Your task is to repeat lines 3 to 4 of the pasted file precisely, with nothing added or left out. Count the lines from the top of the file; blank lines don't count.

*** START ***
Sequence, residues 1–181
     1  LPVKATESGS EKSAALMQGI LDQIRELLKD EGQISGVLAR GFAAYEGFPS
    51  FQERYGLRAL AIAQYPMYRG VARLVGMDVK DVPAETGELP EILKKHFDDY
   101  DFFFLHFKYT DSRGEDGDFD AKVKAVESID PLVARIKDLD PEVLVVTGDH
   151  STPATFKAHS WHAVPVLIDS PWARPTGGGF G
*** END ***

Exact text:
    51  FQERYGLRAL AIAQYPMYRG VARLVGMDVK DVPAETGELP EILKKHFDDY
   101  DFFFLHFKYT DSRGEDGDFD AKVKAVESID PLVARIKDLD PEVLVVTGDH